Mini drivers are rather new to the golf world and they have sparked a lot of interest among many golfers, myself included. They are mostly used by professional golfers, who have a lot of swing speed and need these customized drivers to achieve their best potential. Mini drivers, as the name probably suggests, are much smaller than drivers normally tend to be, but they are also longer than fairway woods. This helps them to get the best of both worlds – they are more forgiving than most fairway woods and also more accurate than most drivers. TaylorMade, as in seemingly every other aspect of golf equipment, is pioneer in making mini drivers as well. They first introduced hybrid irons in 2002 and revolutionized the world of golf, and now they are doing it again with mini drivers. I almost miss the good old days when golfers didn’t have as many options. Because, with many options, comes greater responsibility to do proper research on differences between these clubs and choose wisely, which takes a lot of work. Many pros use their mini drivers and win with them in their bags, too. Phil Mickelson, the golf legend himself, played entire tournament without using Callaway’s mini driver instead of traditional drivers. One reason for that might be mini drivers’ effectiveness in fixing slice(more about that here).With that in mind, we can be pretty sure that mini drivers are the future of golf. They may be used just by professionals now, but as market starts to grow and brands start to recognize their potential, i think mini drivers will get better and better, eventually displacing traditional drivers altogether.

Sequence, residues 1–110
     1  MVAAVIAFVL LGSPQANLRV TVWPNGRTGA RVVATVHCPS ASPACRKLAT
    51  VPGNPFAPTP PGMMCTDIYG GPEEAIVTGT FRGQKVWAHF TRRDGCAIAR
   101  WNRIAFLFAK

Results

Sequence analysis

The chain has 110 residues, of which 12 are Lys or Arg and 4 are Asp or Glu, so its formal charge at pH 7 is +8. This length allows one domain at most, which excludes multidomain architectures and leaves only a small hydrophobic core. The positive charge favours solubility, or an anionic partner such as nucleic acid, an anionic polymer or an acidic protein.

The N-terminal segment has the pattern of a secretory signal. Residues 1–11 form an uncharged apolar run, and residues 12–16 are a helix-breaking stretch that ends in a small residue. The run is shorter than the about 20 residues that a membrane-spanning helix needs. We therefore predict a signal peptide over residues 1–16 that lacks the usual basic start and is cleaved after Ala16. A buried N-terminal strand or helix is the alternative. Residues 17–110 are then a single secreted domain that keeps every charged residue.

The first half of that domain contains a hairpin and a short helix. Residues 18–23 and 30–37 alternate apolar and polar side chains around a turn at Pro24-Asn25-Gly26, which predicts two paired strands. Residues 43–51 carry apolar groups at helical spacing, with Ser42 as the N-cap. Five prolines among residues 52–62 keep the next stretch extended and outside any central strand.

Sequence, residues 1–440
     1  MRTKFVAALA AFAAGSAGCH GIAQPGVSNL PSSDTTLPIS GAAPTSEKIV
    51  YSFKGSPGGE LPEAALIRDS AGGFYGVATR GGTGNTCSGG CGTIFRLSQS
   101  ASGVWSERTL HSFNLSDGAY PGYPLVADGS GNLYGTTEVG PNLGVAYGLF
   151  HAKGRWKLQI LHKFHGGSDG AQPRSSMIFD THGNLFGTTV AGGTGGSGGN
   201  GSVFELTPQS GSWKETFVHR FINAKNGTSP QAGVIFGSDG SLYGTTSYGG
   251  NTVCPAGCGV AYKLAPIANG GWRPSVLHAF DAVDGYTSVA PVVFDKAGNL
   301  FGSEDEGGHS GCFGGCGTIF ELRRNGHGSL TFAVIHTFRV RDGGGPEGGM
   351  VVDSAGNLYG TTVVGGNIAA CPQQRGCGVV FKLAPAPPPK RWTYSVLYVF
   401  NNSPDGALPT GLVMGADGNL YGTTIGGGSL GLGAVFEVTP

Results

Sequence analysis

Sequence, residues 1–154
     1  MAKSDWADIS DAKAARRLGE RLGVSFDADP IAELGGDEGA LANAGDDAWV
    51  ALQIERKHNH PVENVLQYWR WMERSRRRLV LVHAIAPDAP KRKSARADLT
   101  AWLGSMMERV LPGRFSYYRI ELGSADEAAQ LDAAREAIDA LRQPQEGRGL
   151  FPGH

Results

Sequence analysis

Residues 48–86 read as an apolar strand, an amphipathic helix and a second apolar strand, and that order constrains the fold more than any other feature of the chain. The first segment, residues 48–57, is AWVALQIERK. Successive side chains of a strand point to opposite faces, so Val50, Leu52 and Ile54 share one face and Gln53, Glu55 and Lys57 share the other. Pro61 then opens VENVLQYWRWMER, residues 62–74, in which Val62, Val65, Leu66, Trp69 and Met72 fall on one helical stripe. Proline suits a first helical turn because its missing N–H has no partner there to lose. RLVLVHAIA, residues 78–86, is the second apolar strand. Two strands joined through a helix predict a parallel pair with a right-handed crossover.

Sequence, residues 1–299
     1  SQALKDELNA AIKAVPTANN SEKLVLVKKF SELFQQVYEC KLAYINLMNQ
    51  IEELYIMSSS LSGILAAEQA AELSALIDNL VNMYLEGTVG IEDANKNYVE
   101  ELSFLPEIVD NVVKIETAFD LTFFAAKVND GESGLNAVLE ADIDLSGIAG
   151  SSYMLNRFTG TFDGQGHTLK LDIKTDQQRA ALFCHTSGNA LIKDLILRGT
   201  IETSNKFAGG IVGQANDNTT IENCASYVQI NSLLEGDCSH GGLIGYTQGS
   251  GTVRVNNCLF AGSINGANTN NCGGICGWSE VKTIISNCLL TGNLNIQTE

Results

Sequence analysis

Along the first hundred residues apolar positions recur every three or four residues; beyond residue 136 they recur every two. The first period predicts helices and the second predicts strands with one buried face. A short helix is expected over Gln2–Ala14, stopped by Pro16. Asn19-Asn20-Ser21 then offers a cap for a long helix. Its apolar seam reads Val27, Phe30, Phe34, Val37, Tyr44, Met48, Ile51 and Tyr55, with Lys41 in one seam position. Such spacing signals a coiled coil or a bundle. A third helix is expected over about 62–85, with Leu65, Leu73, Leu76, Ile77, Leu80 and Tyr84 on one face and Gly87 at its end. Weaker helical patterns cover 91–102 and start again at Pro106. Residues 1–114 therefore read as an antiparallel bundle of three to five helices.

As mentioned before, TaylorMade has been the most active in this field and their r&d department has made a lot of progress in the task of improving mini drivers. Other golf club manufacturers haven’t been as active thus far. Callaway, as mentioned before, has made some fairway woods that resemble mini drivers, but they have been pretty late to the party in terms of making mini drivers. Recognizing mini drivers’ potential and their appeal to the masses,they eventually did release one, called Big Bertha Mini.  I haven’t tried the aforementioned mini driver myself, but based on reviews i’ve read, it must be great. It’s cup face design is similar to the one they use with XR fairway woods. Overall, materials of this club are hand picked and ensure its forgiveness and efficiency. It’s loft angles are adjustable, which might be convenient for some people, but didn’t make much difference to me. When it was released back in 2015, it’s retail price was pretty high, 300$, but since then, it has dropped considerably, even more so in case of used drivers.

These last few years, TaylorMade SLDR S driver has been getting a lot of attention and i’ve been hearing good things about it, so i decided to try it out in action myself. It’s head, keeping in standards with other mini drivers, is bigger than 3 woods, but smaller than drivers at just 260cc. In today’s world of large clubhead drivers, 260cc might seem extremely small for a driver, and it is, but back in the day when driver heads weren’t as big as they are now, 260cc would have been considered normal. People usually underestimate the need for mini driver, thinking that their 3-wood and regular driver are just perfectly enough. Once they try this one out in action though, all doubts quickly evaporate and they want it in their bag. Accuracy of this club is much better, not to mention the distance. Ultimately, TaylorMade definitely deserves a lot of respect for creating entire new category of golf clubs that are this good. If you feel like you’re missing something with your current set of clubs, definitely give mini driver a try, it might just be what you’re looking for.